From the Flowing Data blog that I follow (lots of cool graphs and data depictions), I saw an article showing the percentage of bachelor degrees conferred to women by major from 1970-2012. It was written by Randy Olson, a current Computer Science PhD student at Michigan State.
There are several things that jump out, and which are being discussed in the comments at the bottom of the article (along with a lot of other great references on the subject).
- The % of Computer Science degrees going to women had been growing (along with Math, Architecture, Physical Sciences) through the mid-80s, but it has now declined to less than 20%. Math, Arch and Physical Sciences have settled at a little over 40%.
- After growing slowly in the 80s and 90s, the % of Engineering degrees has been flat at just under 20% for the last 10 years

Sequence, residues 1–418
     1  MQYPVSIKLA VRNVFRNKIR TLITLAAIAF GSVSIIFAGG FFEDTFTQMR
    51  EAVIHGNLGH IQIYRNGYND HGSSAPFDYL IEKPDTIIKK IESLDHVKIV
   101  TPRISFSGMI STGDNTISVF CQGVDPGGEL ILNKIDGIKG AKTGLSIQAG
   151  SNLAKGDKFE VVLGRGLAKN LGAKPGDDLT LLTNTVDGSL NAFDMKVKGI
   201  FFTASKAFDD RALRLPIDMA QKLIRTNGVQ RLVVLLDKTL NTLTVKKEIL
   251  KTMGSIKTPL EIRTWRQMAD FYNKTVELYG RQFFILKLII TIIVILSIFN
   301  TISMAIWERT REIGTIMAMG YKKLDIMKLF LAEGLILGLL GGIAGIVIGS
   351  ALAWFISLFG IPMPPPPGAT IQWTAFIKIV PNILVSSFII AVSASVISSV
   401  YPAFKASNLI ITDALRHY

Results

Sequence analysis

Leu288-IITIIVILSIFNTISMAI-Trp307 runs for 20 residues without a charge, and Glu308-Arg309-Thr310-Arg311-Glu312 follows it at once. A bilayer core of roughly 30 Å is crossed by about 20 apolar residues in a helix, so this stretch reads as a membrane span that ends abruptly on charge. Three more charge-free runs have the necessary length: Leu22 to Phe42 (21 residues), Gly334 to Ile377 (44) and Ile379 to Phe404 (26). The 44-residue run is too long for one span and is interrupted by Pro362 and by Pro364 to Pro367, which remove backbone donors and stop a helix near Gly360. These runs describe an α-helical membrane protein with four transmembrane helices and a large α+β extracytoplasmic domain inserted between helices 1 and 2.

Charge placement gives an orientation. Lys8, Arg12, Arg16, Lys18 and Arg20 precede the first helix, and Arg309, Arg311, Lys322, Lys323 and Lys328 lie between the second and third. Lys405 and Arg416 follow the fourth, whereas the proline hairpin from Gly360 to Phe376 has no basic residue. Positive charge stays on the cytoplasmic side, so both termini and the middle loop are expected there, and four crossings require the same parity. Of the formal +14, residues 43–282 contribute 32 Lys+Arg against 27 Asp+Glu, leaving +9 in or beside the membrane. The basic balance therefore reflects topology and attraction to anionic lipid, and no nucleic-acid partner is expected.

- If you invert the chart (which Olson did on a follow-up post), there are several degrees where women have and continue to be dominant – health professions, public administration, education.
I was surprised by the decline in CS degrees, or really, surprised at how much the numbers had grown in the early to mid 1980s.
I think it’s worth taking the time to read comments on both his ‘women degree’ original post as well as his ‘male degree’ follow-up post. To the question of why do we tend to focus on the small number of women in CS and Engineering, rather than the small number of men in health or administration – I think it’s because those are jobs that tend to be more lucrative financially, and that the reasons cited for women not going in to those industries includes a lack of confidence and/or exposure, and cultural beliefs about the professions people are supposed to be part of as a result of their gender.